Because it was just assumed that media had direct effects, the methods social scientists used to pursue their studies centered on the behavior that followed media exposure.  In 1948, however, Lazersfeld and Merton argued that "it is clear that the mass media reach enormous audiences...These are formidable figures.  But they are merely supply and consumption figures, not figures registering the effect of mass media.  They bear only upon what people do, not upon the social and psychological impact of the media" (495).  This not only signaled an important conceptual shift in the study of media effects, but it also affected the methods by which those studies would be pursued in the future and was the beginning of a paradigm shift.  Both Lazarsfeld and Merton summed up the mid-century state of communications theory in the following analysis:

Many are, first of all, fearful of the ubiquity and potential power of these media…There is, secondly, concern with the present effects of the mass media upon their enormous audiences…Finally, there is the danger that these technically advanced instruments of mass communication constitute a major avenue for the deterioration of esthetic tastes and popular cultural standards.  (Lazarsfeld and Merton 494)

Taking these concepts, Lazarsfeld and Merton shifted them into the idea of there really being little correlation between the media that is transmitted by governing elites and that which is believed or ingested by popular masses because there is a narcotizing effect on the public that comes together to discuss what it considers are relevant social issues.  This became the basis of the limited effects model.  This new limited effects model then supported the growing corporate interests in downplaying their own accountability in the engineering of public opinion, as Chaffee points out: "The argument that media need not be controlled because they have only minimal political and social impact has been continually reasserted by the broadcasting industry" (75-6). 

Lazarsfeld's research was supported by Elihu Katz's 1957 articulation of the two-step flow of communication, in which he speculated that "it may be…that influences stemming from the mass media first reach 'opinion leaders' who, in turn, pass on what they read and hear to those of their everyday associates for whom they are influential" (346).  These opinion leaders were not concentrated in the elite positions of society "but were located in almost equal proportions in every social group and stratum" (Katz 359).  So, the methods shifted from analyzing the effects of audience behavior to analyzing what could affect audience behavior. In a political environment struggling for democratic hegemony against Communism during the Cold War, it became increasingly important to gauge how people were influenced; in a corporate environment struggling for capitalistic hegemony against Communism during the Cold war, to use Lazersfeld's dictum, it became increasingly important to sell soap.  These concepts were given form in notions of gatekeeping roles where opinion leaders controlled access to the channels of information.  The argument could be made here that there was no conceptual change since the limited effects and two-step flow models were still based on transmission theories of communication--only the means by which information was conveyed changed from direct influence to filtered influence.  Both Katz and Lazarsfeld had already come to the notion that "in a stratified community or in a hierarchical institution… communications directed from the top of an organization downwards will be most effective when they are funneled through the informal leaders of the informal groups which emerge…on every level of the structure" (120).  I think that this is the first indication of a shift in communication theory toward the transactional model though I doubt it was recognized as such at the time.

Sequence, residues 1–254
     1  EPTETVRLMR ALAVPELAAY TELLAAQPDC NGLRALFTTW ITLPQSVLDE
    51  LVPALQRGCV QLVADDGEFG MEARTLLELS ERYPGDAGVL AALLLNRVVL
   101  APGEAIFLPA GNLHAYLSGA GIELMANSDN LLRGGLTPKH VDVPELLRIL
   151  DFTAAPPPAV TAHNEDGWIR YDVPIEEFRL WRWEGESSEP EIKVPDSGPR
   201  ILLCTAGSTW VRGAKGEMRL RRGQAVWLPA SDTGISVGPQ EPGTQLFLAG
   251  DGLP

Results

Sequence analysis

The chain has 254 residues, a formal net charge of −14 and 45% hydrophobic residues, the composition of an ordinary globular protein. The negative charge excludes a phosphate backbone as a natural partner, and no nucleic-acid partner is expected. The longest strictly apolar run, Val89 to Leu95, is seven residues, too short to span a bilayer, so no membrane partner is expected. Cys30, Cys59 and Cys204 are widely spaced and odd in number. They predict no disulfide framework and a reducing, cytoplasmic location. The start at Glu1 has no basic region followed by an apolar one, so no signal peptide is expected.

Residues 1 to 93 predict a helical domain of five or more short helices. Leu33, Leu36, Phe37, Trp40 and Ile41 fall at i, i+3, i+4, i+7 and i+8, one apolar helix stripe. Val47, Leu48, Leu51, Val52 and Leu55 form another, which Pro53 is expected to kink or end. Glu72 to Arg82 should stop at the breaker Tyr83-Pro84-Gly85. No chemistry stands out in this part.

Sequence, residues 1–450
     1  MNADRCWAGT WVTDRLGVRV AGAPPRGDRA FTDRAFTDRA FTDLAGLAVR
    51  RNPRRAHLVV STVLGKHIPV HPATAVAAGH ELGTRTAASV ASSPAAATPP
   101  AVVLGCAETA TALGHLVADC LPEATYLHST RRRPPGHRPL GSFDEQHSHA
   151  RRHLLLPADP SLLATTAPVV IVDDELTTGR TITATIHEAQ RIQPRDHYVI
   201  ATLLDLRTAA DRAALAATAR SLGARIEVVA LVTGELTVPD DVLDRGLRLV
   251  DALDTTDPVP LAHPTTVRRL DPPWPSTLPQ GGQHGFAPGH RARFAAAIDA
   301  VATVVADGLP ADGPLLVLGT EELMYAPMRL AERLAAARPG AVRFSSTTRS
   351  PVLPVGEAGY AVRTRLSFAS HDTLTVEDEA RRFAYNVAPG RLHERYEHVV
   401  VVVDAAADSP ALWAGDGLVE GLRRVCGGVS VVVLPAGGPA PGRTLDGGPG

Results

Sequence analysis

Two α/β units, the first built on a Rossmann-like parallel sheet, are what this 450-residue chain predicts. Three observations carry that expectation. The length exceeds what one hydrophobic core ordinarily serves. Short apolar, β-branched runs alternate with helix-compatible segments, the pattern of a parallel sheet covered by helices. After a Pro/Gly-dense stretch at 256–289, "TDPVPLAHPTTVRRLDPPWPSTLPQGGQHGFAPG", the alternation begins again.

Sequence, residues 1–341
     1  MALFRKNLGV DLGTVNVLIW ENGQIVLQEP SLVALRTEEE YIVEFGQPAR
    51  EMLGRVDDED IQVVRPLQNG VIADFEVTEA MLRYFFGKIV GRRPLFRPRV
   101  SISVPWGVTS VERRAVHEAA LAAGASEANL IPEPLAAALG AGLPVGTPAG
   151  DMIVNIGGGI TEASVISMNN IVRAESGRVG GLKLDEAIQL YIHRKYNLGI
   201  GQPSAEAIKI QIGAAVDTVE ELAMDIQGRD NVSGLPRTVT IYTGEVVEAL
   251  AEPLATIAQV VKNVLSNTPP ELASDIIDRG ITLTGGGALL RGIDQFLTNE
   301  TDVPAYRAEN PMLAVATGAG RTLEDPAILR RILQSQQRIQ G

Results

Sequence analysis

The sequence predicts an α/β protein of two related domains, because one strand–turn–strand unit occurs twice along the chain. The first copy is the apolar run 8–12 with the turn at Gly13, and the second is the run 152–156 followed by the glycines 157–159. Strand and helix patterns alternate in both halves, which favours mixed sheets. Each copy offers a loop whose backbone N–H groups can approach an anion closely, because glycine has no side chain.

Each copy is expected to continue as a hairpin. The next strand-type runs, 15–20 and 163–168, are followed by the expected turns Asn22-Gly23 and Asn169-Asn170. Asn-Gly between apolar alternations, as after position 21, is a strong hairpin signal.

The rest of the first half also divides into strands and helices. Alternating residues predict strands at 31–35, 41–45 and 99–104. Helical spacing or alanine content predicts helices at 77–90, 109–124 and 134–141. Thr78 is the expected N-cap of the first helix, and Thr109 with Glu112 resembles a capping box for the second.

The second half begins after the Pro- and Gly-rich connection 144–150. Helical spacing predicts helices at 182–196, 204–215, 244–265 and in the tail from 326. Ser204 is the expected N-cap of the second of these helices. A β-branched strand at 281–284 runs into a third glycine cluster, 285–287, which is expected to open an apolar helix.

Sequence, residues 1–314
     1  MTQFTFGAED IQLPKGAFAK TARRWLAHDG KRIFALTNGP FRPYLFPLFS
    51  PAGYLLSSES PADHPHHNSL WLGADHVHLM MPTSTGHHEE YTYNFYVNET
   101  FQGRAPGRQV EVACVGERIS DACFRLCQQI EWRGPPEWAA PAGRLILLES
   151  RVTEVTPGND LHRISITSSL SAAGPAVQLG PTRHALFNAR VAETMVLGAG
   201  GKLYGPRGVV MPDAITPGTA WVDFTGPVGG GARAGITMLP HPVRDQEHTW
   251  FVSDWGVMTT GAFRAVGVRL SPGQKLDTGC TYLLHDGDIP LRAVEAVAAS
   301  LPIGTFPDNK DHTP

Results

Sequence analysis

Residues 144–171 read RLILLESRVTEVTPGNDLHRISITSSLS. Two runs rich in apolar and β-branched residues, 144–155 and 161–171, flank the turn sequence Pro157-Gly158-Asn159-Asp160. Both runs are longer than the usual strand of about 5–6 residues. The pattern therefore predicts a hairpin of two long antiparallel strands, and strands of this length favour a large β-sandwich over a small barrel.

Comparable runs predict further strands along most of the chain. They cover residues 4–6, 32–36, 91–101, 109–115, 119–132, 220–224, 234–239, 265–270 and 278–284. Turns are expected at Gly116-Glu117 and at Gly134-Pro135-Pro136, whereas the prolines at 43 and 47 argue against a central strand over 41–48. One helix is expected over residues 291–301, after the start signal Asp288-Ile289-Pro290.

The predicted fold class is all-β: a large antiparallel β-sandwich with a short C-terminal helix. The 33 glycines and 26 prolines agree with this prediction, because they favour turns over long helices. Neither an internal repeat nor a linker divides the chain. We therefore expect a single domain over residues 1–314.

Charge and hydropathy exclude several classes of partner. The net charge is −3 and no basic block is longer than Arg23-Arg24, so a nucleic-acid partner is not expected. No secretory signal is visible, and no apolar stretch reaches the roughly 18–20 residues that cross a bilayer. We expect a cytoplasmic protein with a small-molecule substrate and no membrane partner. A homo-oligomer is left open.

Perhaps what lead most to the formulation of a limited-effects model of communication was the inception and proliferation of television broadcasting, which had the potential to undergo a similar attack as that perpetrated by Short on the movie industry twenty years earlier. Himmelweit et alia's 1955 study tied content analysis of the medium with its effects and found that television programming seemed to revolve around middle-class norms of stable families and white collar professions, and this image seemed to have an effect on the way television viewers envisioned their society and their future prospects.  They write,

There was a small but consistent influence of television on the way children thought generally about jobs, job values, success, and social surroundings.  In their wishes about jobs the viewers proved more ambitious than children not exposed to television; in their job values they were more 'middle class,' and in their assessment of the factors making for personal success they more often stressed the need for self-confidence,  (424)

 which seems to correspond more to normalization theories than to that of limited effects.  Normalization theory would argue that what we come to perceive as normal in the world around us comes to comprise our worldview.  In their focus on children, Himmelweit et alia looked at the effects of television on the child who watches it, which is different from the effects of movies on children in the sense that television watching is often a solitary or family activity while movie-going is a social one involving interaction with one's peers.  In any case, their findings were positive for the television industry, arguing that

Conflict about television does occur, especially over bedtimes, mealtimes, and the banning of certain programme.  But in many cases this conflict is only indirectly due to television; it may arise from existing poor parent-child relations, from unwise handling by the parents of problems thrown up by television (failure, for instance, to understand the child’s absorption in what he views), or from emotional disturbance within the child.  In all this television does not create conflicts, although it may precipitate them; it provides a whole new range of situations about which conflict can occur—but the root cause of the conflict normally goes much deeper than television.  (430-1)

 They then qualify those results by dichotomizing television's effects: